“My whole life has been about taking money, right? Taking money. I take, take, take, take. I’m a businessman, that’s what I’m supposed to do. My job is to take money. My job is, in a sense, I hate to say it, to be greedy. And I’m greedy, I go like this [his arms motion a gathering in] — more, more, I want more, more, more. Now I’m going to be greedy for the United States. I’m going to be really greedy for the United States.”

Could that be any clearer a statement of loyalty to greed as a guiding ethic? Trump has also said, “I love war,” which is a crystal clear endorsement of the defilement of hatred. Crystal clear. He went on to say, following that quite, “in a certain way,” and his handlers tried to spin that positively. But you really can’t spin “I love war.” There it is. It slipped out.

We can make a big contribution to the overall stability of society by holding ourselves as quiet, still, knowing awareness. We recognize the reactivity within ourselves, but we also know how to hold ourselves in this way so that when reactivity arises, it does its dance for a while and then just dies.

Thich Nhat Hanh is another great Buddhist teacher of non-violent resistance. He became a monk during the Vietnam War and practiced non-violent resistance against the war. We have a lot to learn from him. We can take his teachings with us in the days, weeks and months ahead.

One of the stories he tells is about the exodus of the boat people, escaping from the Vietcong in boats commandeered by pirates, who were stealing money and sometimes raping women on board and causing mayhem. And Thich Nhat Hanh was quoting someone who’d been on a number of these hellish trips and said out of his wisdom, if one person on a boat was able to maintain equanimity and calm, then everybody else was able to as well.

Perhaps we could be that person in any boat that we might appear in, in this community or anywhere else we are, in the rocky times ahead.

We are preparing ourselves right now for this eventuality by diving to the root of our tradition to see what kind of wisdom and guidance we can get, and what kinds of tools we can have and carry with us along the way.

I want to say, too, it has struck me hard these past weeks, why were we surprised that what happened, happened? Doesn’t it speak to the fact that we were not as open as we could have been to the suffering that is going on in this country? Because make no mistake, the election reflected a reality in this country. Were we in close enough touch with that reality?

There are 45 million people living in poverty. That’s about 15 percent of the population. We don’t see much of this in Rochester, this safe bubble. It’s here though. There are several hundred homeless kids in the city of Rochester.

In 2015 there was $28.4 billion in bonuses paid on Wall Street. That’s not salary, that’s annual bonuses. In that same year, total wage compensation for everyone working on a minimum wage was $14 billion.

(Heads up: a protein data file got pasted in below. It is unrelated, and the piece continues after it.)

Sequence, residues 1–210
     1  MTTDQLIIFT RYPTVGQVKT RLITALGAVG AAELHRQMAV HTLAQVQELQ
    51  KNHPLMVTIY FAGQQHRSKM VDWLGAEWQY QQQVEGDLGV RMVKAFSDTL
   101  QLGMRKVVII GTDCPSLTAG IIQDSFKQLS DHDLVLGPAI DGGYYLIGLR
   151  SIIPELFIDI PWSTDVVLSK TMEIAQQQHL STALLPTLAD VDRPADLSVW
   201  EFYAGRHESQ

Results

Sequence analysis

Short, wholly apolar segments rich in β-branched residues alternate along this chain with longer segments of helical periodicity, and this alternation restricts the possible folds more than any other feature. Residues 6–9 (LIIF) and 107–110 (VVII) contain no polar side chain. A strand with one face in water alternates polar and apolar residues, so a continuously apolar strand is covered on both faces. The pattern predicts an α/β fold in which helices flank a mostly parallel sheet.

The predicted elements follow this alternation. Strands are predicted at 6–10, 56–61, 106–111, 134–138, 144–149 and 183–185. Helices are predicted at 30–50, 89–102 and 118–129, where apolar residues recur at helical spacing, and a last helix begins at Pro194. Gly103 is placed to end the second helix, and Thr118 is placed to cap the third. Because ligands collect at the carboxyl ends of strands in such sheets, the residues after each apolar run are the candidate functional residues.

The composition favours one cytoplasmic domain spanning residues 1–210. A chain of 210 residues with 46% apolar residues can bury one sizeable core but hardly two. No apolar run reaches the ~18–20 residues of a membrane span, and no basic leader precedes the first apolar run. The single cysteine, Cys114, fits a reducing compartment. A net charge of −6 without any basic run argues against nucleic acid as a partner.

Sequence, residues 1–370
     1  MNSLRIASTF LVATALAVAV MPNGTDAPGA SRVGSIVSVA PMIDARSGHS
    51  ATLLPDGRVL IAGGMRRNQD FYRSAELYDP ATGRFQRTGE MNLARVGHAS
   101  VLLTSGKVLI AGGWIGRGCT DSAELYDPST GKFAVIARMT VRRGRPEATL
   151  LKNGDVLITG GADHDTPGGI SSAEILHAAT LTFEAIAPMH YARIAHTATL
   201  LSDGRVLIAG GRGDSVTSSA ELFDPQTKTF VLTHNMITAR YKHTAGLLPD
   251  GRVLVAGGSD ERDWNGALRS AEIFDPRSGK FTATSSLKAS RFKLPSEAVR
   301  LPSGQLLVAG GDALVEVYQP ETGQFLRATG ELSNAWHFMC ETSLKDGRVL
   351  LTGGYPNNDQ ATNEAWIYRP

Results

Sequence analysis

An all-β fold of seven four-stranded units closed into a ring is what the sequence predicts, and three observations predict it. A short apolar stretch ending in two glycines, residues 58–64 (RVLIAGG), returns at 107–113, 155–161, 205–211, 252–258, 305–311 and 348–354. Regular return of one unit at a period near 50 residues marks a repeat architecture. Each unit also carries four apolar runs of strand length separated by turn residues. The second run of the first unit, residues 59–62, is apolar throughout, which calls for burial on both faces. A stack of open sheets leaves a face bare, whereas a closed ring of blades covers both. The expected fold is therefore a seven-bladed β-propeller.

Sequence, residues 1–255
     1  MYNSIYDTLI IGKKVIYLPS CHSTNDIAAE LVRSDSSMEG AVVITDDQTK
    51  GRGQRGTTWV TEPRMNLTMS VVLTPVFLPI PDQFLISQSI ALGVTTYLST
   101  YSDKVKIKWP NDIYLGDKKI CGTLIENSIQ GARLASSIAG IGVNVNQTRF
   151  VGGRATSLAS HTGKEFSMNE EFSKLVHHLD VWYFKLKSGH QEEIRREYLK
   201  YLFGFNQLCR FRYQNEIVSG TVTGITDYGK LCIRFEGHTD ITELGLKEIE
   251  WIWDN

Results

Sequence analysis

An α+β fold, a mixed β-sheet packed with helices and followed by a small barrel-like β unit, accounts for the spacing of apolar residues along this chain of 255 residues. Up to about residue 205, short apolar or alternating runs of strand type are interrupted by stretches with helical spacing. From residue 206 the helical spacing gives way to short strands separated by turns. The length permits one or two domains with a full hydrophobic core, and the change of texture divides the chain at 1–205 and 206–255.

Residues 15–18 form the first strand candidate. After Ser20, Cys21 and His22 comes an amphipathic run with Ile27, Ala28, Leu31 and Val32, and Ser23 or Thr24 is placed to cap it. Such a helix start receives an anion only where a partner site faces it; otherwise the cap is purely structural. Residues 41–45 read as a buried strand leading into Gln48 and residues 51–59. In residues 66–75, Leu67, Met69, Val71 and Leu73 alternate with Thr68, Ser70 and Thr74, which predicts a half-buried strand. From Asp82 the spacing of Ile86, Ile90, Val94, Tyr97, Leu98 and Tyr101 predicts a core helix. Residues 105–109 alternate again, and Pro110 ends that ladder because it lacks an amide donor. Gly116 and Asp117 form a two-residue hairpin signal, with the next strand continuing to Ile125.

I could go on. There are so many statistics like this that point to a very grim reality, one in which, if we are honest, democracy itself is already deeply damaged if not for now in some ways completely destroyed. Can we see this? Are we looking deeply enough into American society to see how the very ways we organize and conduct ourselves creates suffering for ourselves, our neighbors and reaching to others globally? Are we looking deeply enough into these roots? Because sure enough, just as there are things that go wrong one might say in our internal makeup, that lead us to create suffering for ourselves, those things get translated into the laws we pass, our policies and behaviors, our customs and attitudes, and these in turn generate more suffering. Our internal suffering gets amplified at a societal level in this way. So are we looking deep enough into the roots of this collective suffering? It’s a question that is important, I think, to bring up.

Jack Kornfield, a leading teacher in the insight meditation tradition, recently said in a dharma talk at Spirit Rock after the presidential election:

“You’ve been training for this kind of a period we are going through for a long time. A training in steadiness, in compassion, in deep values. In times of uncertainty you become the real bodhisattva, a being dedicated to compassion for all life, no matter what.”

Kornfield also said:

“In Zen, they say there are only two things. You sit, and you sweep the garden. And it doesn’t matter how big the garden is. You quiet the mind, open the heart, and then you get up from sitting and you tend. Whether it’s the climate, or whether it’s immigrants or whatever it is that’s in front of you that needs your care and attention.”

The way I hear that, when we sit we go to the root. We make ourselves into this great expansiveness, and with that we have clarity, and we can see what’s happening at the root level. We can make clear decisions about what types of thoughts and feelings to act on, and what not to. And once we have that type of clarity, as a result of transforming ourselves, or seeing ourselves in this new way, we can get up and go out in the world, holding ourselves as this spacious awareness. Then we can bring some of that peace and wisdom with us into the most difficult situations.